Created in 1947 to celebrate the end of the war, the Edinburgh International Festival has become one of the most important artistic events in the world for the quality of its many and varied shows. Throughout the city, several cultural events take place at the same time, creating a vibrant atmosphere: official festival (with dance, music, theater) and Fringe, a sort of "off" with amateur shows, but also a film festival, the "military tatoo" (military parade with kilts and bagpipes), the book fair, the jazz and blues festival ...
The international festival: classics revisited
This year, the opera is at the top of the bill, on the city's most prestigious stages: the Scottish Opera, the Festival Theater, the Edinburgh Playhouse will resonate to the sound of works by Wagner (Parsifal, Siegfried) or Stravinsky (Oedipe Roi, La Symphonie des Psaumes), conducted by “star” conductors such as Claudio Abbado or the Frenchman François Girard. A dark MacBeth, performed by the Ro Theater troupe in Rotterdam, or a version of Marie Stuart by the Burgtheater in Salzburg will occupy, among others, the stages of the theaters. Classical and lyrical on the menu for music lovers, as well as a retrospective of the Scottish tradition of political song. Finally, all ages of dance will be represented: from ancient Indian classical ballet to multimedia performances by young choreographers, combining bodily expression, video and contemporary art. Dance is no longer just tutus and ballerinas ...
The Fringe festival: bohemian and avant-garde
Street shows, “happenings” and avant-garde are more the prerogative of the Fringe. Just like the propensity to discover talent ... Do you know that Rowan Atkinson, in other words Mr. Bean, was revealed in the early 80s in the streets of Edinburgh? The Fringe is the biggest festival in the world, approved by the record books: this year, no less than 1 “shows” are expected! In bars, galleries, shopping or cultural centers, around the corner, but also in a few more traditional rooms: in all around 350 different places!
The Fringe quickly becomes an inextricable jungle ... Unless you have the right tools. All national and regional newspapers offer a selection of the shows taking place there, and the Edinburgh Festival Guide Daily, published by The Guardian, lists the day's events. Special programs on radio and television guide you through the festival's twists and turns (Channel 4, BBC Radio Scotland). Finally, word of mouth is also proving to be a source of good tips. Follow the old regulars!
Be a part of it!
Why not take part in the Festival's adventure? The Fringe welcomes amateur troupes with open arms. The condition is to register really, really in advance ... Ditto for the jobs created for the occasion: reinforcement in the dining rooms or in the kitchen, good legs to survey the city by distributing programs, an English nickel to inform lost visitors? The festival needs you! But since you're not the only one in the line, you also need to get started early. Of course, too late for the 2002 edition, all the positions are filled ... We can nevertheless count on withdrawals, especially within the framework of the Fringe. All the possibilities offered and the procedure to follow are on the website.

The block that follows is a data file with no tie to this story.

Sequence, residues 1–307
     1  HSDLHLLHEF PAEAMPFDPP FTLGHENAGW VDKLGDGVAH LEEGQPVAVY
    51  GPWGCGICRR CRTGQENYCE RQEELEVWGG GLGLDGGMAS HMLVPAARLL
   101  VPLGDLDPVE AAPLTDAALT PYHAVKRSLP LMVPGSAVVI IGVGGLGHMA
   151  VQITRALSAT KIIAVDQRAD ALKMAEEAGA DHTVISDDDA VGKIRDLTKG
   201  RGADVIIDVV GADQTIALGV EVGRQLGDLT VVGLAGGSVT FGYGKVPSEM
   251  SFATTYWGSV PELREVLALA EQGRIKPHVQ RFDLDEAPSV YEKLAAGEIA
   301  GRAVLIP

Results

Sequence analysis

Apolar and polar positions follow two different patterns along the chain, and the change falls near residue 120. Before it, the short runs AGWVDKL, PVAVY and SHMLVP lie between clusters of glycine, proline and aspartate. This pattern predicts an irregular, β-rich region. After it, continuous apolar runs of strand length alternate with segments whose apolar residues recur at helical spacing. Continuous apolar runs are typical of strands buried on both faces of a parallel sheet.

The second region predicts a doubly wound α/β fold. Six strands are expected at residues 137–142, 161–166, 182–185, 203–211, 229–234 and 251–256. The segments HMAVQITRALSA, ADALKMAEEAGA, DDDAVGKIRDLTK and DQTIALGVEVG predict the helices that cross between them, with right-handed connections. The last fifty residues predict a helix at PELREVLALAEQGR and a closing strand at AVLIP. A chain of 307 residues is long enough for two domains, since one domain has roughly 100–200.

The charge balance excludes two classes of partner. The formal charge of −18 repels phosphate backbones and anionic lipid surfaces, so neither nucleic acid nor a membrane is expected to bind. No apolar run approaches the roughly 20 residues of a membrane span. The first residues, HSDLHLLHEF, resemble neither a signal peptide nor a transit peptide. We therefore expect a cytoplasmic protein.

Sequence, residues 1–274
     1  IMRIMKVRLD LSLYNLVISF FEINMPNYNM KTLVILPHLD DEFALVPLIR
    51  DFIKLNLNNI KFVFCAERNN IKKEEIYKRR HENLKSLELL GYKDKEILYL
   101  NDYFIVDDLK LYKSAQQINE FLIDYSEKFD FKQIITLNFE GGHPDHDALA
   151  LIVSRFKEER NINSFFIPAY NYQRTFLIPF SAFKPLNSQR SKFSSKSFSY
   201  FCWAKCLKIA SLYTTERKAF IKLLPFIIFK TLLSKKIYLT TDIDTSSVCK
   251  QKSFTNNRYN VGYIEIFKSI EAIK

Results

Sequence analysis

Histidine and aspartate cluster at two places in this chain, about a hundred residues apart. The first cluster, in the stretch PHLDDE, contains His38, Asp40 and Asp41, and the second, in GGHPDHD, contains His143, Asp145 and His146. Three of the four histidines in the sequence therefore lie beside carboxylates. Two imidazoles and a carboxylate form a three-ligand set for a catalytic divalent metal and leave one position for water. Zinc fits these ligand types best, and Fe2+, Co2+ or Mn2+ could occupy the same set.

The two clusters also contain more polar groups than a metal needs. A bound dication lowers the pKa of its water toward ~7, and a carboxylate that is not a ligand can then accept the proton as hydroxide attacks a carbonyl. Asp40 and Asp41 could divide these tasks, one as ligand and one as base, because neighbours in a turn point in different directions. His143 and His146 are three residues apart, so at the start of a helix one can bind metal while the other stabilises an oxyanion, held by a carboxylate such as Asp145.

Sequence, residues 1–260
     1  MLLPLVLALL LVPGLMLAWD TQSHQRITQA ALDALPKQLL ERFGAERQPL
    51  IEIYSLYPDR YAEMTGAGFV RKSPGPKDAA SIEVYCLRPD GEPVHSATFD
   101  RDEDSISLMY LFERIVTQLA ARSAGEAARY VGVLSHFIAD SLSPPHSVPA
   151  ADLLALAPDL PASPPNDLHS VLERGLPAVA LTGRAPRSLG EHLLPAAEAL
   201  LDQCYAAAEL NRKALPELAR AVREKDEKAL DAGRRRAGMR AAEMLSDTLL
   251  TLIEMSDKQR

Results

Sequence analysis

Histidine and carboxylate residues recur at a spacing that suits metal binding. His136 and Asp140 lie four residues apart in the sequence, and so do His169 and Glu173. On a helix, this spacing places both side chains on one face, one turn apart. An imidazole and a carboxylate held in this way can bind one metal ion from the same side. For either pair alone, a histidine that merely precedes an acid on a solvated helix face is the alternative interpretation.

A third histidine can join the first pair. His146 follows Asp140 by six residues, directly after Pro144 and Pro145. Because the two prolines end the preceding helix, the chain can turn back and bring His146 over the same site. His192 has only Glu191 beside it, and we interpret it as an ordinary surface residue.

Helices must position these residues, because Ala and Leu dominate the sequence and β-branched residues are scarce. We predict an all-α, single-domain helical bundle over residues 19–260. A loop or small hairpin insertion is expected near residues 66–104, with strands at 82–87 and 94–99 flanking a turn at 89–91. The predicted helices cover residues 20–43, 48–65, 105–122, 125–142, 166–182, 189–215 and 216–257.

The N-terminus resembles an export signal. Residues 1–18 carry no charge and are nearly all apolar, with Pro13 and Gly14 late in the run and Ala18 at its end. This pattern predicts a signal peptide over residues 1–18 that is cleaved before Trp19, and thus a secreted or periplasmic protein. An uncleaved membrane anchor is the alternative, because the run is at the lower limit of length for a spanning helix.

At the Fringe as at the International Festival, for a paid show, the cheapest ticket is around £ 5 (€ 7,80). If that's still too much, the most broke won't be able to miss out on THE day not to be missed: Fringe Sunday is a whole day of free and exceptional outdoor shows. This year, it will take place on August 11: it's an opportunity to taste the sweet and bohemian madness of Edinburgh in August ...
Edinburgh International Festival : from August 11 to 31, 2002.
www.eif.co.uk: day-to-day program, online ticketing, and all the history of the Festival
Fringe Festival: August 4-26, 2002
www.edfringe.com: program, online ticketing, news and gossip ...
Saint-Martin Tourist Office
Tourist information center
Waverley Market, 3, Prince street
Phone. : (00-44) 131-473-38-00
Fax: (00-44) 131-473-38-81
In Paris :
British Tourist Board
Does not receive the public, information by telephone only. Remember to order general documentation before you leave, as you will be charged for it on site.
Tél. : 1-58-36-50-50.
Where to sleep ?
In South Side
10 Priestfield road
Tel / fax: (00-44) 131-668-24-35. E-mail: email@example.com
To the south of the city, 6 large rooms from 22 to 28 £ (36,30 to 46,20 €). Neat decoration, TV in each room. Breakfast, Internet access and private parking.
In Old Town
33 Saint Mary's street
Phone: (00-44) 131-557-62-8. Fax: (00-44) 131-557-36-81
Rooms around £ 50 (or € 80) with breakfast. Very central and rather advantageous if you choose the room option for 4 people.
Where to eat ?
In Old Town
The 7 Restaurant
7 Old Fishmarket Close
Phone. : (00-44) 131-225-54-28
Open daily, continuous service on weekends from 12:30 p.m. Dishes around £ 9 (or € 14,9). Young and friendly welcome, "French" bistro setting and jazzy atmosphere.
15-16 Market street (1st floor)
Phone. : (00-44) 131-225-10-84
Service until 23 p.m. At noon, 2-course formula at £ 11 (€ 18,15). A little more expensive in the evening. To taste authentic Scottish specialties (including the famous haggis!), In a warm setting.
Where to have a drink?
In Old Town
212 Cowgate street
Open every day until 1 a.m. (midnight Sunday). Lively, smoky, sometimes packed! Young clientele, varied musical programming (jazz, soul, rock) and Sunday brunch.
Photo credit: © Paul De Backer